A study by Idaho Department of Labor economist Matthew Paskash analyzes the impact of COVID-19 on health care workers by comparing pre-pandemic, current and projected data in the areas of employment and wages, job postings, health care program completions and Idaho Department of Labor occupational and industry projections. The study also examines additional insights from stakeholder interviews and a survey of health care workers.
This analysis concludes with an anticipated near-to-medium-term outlook of shortages of health care practitioners in Idaho. To combat these shortages, the state may explore efforts in attracting health care workers, expanding education and training programs, and stemming the outflow of health care practitioners to other states.
Projections by the Idaho Department of Labor indicate construction employment will grow 44 percent from 2012 to 2022, the fourth largest projected growth of any industry in Idaho and 28 percentage points above the projected growth for all industries. During that time, construction is expected to add 3,000 jobs and employ 10,000 people by 2022.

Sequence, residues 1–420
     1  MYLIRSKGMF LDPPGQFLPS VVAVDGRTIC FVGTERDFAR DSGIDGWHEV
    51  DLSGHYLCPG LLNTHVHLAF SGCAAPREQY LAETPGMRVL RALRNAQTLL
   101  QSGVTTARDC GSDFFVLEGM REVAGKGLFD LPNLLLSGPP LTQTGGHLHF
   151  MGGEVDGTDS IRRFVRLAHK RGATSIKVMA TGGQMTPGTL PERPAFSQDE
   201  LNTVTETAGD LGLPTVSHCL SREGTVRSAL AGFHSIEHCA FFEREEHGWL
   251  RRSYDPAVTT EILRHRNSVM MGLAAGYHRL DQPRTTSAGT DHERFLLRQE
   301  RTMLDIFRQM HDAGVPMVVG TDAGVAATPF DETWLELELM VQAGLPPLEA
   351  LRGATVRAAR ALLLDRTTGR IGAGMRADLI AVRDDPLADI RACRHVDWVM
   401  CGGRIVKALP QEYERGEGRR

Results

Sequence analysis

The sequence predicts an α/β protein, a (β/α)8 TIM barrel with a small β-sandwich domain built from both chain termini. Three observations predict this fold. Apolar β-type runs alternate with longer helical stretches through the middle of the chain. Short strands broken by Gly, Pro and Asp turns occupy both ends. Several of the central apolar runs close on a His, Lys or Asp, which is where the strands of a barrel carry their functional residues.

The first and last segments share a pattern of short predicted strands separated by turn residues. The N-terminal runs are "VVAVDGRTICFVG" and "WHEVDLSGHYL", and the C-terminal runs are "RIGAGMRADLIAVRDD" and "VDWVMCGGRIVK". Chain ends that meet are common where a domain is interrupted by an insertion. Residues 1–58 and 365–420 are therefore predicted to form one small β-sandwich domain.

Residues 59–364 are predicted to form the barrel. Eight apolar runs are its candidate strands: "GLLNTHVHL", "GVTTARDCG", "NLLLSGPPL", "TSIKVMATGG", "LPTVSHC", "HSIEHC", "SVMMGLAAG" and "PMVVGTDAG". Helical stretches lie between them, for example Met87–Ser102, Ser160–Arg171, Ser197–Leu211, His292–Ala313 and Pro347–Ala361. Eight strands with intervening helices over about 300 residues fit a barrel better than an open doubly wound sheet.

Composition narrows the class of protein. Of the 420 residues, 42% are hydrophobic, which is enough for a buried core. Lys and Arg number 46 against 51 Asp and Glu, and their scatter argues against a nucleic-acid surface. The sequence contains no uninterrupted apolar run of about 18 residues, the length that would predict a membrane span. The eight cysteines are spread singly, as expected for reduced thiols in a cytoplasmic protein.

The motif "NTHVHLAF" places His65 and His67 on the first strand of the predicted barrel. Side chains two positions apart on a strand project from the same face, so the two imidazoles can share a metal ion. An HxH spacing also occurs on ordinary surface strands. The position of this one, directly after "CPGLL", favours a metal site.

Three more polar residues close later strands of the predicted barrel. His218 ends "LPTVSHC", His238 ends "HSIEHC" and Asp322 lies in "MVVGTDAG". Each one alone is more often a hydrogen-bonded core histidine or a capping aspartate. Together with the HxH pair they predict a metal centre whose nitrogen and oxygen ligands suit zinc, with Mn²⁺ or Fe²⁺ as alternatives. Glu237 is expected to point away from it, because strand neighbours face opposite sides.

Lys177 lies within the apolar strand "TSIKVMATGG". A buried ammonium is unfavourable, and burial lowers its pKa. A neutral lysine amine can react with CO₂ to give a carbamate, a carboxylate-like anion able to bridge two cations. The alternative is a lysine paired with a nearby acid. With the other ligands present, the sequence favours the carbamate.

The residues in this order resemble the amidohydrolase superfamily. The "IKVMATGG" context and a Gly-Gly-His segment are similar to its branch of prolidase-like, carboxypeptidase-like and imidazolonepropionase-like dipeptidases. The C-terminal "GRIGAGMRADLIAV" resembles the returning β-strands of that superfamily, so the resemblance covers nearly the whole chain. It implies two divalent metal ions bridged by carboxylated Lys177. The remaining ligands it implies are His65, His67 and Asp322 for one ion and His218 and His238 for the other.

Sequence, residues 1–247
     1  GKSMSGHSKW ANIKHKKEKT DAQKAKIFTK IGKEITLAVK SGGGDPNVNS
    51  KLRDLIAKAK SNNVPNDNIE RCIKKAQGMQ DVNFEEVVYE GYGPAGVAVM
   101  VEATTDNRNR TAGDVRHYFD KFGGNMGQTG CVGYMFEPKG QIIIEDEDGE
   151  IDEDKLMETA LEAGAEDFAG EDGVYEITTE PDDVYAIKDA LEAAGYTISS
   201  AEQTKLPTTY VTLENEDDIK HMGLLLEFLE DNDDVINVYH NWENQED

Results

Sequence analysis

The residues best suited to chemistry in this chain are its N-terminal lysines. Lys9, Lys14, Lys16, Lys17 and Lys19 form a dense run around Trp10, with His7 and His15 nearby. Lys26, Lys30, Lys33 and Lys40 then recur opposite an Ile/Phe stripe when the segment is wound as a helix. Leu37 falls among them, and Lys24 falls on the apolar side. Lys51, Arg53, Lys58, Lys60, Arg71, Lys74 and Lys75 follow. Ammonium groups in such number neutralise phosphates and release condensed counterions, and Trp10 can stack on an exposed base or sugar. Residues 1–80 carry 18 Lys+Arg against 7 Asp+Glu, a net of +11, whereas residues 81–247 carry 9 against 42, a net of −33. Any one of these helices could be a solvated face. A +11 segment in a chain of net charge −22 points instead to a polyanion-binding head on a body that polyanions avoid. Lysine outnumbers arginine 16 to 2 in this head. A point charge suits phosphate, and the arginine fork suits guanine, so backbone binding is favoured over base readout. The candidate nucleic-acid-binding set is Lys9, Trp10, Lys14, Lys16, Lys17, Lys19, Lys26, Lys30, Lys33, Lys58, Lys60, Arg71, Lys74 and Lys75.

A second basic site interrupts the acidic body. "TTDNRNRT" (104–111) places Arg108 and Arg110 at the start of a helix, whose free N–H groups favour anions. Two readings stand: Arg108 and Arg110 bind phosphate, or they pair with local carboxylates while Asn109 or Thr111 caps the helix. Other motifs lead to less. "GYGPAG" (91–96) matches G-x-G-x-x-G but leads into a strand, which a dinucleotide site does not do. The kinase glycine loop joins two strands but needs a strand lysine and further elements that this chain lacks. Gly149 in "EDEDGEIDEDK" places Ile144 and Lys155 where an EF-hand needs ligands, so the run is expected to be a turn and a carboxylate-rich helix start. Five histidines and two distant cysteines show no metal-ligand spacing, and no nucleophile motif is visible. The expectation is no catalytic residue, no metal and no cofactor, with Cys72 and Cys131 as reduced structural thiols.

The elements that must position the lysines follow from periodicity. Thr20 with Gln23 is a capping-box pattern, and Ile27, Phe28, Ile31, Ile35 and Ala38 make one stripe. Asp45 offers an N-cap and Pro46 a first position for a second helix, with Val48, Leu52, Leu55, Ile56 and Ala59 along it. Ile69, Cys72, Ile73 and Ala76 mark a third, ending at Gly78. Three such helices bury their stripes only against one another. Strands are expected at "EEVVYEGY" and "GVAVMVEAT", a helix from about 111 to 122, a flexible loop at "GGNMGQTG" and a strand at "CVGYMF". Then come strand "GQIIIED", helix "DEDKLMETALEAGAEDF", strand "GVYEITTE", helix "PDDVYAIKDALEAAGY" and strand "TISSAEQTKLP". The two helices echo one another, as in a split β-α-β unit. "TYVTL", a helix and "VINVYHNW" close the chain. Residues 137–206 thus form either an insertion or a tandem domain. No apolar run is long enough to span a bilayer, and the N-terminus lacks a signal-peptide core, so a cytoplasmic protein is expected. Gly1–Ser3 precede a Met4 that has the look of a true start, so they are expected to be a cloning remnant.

Through the early 2000s, construction was booming throughout the United States. As real estate became the golden investment with an A+ rating and home mortgages available at an all-time high, construction crews could not build houses fast enough. With some hard work and a little bit of luck, a young person straight out of high school could quickly make the kind of money typically associated with a four-year degree. As a result, laborers flooded to the market.
From 2000 to 2007, Idaho employment in the industry exploded, jumping 65 percent to dramatically outpace Idaho’s total employment growth of 19 percent. As banks continued to hand out mortgages to people who could not afford them, the housing market became saturated with available homes and the housing boom quickly turned into a bubble that popped as the first foreclosures hit the market toward the end of 2007, sending the economy into the deepest and longest recession the nation had seen since the Great Depression.
When real estate soured and the housing market dried up, construction jobs dried up with it.